Therefore, the inference that counties and other local governments hold a high degree of individual autonomy that is truncated by their shared responsibility with the state for statewide programs is just not true.
Assistance to those in need, pensions for the citizens who work for us, educational resources for our youth and adults in need of retraining all sound like important community matters with which county and other local governments should be intimately involved.
For Medicaid, the state already picks up the majority of costs, with the counties and other local governments contributing their shares based on formulae ostensibly designed to reflect program needs unique to each locality. Originally and ironically, this design was developed mostly at the behest of upstate governments eager to avoid subsidizing downstate problems. Arguably, the other cited expenses — like county employee pensions and community colleges — rightfully belong to the county because the programs serve the latter’s residents.
Furthermore, the state already provides local governments with the financial means they seek by granting them significant authority to set and raise taxes. The fact that they find the task unappetizing is not in and of itself sufficient grounds for seeking to “pass the buck.”
There’s also an element of the old shell game in all this. Even if the state were to directly cover all of the costs, the source of that money still would be the state — including county — taxpayers.
Not that fair
However, while shared responsibility based on local program needs is an objectively fair approach, it turns out to be far less so in practice when viewed from a taxpayer perspective.
Those most regressive of taxes — property and sales — happen to be principal sources of revenue for local governments, which means that the local burden falls to the taxpayers arguably least equipped to bear the cost.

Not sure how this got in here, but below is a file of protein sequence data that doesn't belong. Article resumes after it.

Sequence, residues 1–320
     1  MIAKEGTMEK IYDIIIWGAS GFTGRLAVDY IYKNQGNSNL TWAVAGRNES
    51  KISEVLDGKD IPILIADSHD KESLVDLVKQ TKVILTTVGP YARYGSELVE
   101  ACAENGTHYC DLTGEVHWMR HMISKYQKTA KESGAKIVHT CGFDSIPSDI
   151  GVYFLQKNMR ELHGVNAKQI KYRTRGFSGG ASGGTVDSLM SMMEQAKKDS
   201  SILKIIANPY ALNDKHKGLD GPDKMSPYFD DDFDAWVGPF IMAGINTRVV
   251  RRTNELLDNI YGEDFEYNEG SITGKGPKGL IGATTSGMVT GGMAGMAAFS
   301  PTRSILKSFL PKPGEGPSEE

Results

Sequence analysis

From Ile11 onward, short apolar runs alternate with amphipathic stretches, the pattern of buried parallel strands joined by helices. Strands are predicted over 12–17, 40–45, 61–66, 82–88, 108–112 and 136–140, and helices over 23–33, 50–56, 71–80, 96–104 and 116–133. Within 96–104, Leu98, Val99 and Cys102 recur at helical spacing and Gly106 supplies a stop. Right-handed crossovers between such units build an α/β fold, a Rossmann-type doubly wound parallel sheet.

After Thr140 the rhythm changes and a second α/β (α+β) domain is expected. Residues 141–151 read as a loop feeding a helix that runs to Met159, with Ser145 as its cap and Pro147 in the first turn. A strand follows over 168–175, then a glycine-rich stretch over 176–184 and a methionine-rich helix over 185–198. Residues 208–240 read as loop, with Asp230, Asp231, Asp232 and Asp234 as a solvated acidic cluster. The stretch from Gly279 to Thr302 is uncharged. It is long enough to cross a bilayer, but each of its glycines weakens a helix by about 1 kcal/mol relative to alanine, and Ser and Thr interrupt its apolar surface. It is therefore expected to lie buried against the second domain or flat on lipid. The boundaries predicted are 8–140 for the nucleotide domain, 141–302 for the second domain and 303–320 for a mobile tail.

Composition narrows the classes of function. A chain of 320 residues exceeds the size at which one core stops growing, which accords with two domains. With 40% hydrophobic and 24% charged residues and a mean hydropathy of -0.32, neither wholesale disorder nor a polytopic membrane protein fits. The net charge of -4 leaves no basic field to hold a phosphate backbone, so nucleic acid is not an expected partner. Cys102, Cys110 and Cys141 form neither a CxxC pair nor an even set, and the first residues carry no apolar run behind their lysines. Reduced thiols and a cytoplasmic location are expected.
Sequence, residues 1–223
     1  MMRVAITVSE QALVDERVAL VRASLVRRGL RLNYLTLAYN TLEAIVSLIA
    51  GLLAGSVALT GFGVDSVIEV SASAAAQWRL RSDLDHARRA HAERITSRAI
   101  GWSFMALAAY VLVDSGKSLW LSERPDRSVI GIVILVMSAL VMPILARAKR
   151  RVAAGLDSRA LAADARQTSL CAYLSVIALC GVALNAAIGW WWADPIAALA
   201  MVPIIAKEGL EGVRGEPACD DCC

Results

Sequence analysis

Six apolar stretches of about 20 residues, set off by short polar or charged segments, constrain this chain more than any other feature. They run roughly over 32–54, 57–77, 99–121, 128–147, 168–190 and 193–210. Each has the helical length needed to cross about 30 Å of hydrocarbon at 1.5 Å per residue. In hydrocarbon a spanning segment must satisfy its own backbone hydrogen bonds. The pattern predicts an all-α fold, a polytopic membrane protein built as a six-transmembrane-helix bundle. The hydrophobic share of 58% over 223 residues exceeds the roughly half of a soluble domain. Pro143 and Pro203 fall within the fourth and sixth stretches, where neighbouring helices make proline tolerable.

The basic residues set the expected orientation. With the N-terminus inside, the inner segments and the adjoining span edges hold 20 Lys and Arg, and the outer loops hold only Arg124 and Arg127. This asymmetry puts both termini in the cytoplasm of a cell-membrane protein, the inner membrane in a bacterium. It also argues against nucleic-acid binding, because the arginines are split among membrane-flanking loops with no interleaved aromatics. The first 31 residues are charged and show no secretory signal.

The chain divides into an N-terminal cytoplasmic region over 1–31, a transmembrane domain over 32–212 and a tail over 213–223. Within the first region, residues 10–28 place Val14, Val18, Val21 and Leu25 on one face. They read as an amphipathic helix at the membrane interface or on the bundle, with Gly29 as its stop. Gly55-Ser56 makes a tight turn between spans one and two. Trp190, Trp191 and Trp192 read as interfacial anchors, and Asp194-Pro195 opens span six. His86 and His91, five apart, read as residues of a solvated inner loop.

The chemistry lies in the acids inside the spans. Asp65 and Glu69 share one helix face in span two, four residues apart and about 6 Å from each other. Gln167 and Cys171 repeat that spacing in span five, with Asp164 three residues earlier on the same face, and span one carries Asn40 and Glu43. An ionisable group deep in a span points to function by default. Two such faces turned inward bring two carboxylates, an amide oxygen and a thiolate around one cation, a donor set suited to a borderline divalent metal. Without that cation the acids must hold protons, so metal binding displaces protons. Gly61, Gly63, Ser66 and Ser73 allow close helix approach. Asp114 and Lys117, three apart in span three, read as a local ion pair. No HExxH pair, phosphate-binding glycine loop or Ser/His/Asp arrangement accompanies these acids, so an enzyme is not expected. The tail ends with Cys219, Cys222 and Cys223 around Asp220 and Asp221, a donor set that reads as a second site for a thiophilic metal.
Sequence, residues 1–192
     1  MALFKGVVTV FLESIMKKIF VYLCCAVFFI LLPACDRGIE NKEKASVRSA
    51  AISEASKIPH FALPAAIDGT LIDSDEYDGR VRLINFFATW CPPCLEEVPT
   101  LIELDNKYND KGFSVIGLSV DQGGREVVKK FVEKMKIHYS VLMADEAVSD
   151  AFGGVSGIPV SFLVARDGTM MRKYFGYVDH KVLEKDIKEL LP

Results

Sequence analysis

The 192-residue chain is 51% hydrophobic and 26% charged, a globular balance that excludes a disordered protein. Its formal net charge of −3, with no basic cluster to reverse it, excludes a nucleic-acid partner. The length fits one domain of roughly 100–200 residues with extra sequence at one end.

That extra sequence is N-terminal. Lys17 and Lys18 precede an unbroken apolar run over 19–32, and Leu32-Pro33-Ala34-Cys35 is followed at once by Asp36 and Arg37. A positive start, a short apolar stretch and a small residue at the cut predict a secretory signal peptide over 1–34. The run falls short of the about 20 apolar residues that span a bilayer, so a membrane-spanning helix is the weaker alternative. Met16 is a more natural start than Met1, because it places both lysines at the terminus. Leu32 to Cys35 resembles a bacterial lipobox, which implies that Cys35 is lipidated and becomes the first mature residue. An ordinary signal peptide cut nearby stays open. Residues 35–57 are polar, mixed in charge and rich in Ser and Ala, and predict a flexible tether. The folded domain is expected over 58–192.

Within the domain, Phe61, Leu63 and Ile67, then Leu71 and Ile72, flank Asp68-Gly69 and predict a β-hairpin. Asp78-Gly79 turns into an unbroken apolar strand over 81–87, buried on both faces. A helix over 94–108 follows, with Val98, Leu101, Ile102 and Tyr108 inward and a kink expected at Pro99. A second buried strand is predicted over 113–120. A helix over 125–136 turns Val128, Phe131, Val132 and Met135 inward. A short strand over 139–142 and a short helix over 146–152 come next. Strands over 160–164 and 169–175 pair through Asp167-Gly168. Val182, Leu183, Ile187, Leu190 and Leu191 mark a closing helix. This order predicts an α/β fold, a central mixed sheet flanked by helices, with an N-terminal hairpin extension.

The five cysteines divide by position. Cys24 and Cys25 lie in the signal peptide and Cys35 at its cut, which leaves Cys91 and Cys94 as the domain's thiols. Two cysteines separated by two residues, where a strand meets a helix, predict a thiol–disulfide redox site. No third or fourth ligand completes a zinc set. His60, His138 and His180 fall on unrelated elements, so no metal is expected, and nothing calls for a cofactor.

To some extent, the recently enacted 2 percent annual cap on local property taxes acknowledges this unfairness. Unfortunately, it is neither a far-reaching nor satisfactory long-term solution. It actually exacerbates things by increasing reliance on the sales tax. This is what prompted Saratoga’s Board of Supervisors to include that information sheet.
There are undoubtedly good and valid public policy reasons to reduce the number and degree of overlapping responsibilities shared by multiple levels of government, as well as to research and re-evaluate how services are provided, how they are paid for and who delivers them.
Shifting the responsibility for funding to sources other than property or sales taxes, thereby relying less on these regressive taxes and more on taxes based on ability to pay, such as the income tax, would appear to be a fairer alternative to what is in place now.
But the fairness issue centers around the kinds of taxes used to fund the programs, not the fact that the county bears some responsibility for funding them.
John Figliozzi lives in Halfmoon and is a regular contributor to the Sunday Opinion section.